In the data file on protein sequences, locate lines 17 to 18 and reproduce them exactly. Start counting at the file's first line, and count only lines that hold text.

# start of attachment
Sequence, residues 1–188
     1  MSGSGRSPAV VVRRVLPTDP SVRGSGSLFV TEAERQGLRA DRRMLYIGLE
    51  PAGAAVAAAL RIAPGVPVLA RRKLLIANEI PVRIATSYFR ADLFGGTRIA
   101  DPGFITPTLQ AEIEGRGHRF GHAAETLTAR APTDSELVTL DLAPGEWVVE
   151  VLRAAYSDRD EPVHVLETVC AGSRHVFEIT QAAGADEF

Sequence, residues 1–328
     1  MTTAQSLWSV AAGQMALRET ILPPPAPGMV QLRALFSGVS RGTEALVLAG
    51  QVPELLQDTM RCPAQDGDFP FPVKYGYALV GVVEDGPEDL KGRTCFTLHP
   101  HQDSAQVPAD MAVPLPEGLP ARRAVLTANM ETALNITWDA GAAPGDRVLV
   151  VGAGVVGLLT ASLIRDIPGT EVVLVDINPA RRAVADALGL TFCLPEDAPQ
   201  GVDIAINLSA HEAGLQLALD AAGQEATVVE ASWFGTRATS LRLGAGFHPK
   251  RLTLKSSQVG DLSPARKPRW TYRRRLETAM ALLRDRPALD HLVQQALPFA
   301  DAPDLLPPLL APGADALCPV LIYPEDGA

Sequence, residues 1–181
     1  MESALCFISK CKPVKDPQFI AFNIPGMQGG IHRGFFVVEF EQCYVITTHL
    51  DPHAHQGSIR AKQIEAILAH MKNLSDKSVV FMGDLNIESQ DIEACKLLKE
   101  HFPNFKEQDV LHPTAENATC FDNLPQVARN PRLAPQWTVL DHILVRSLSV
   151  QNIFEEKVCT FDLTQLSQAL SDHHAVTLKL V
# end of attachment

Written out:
   101  HFPNFKEQDV LHPTAENATC FDNLPQVARN PRLAPQWTVL DHILVRSLSV
   151  QNIFEEKVCT FDLTQLSQAL SDHHAVTLKL V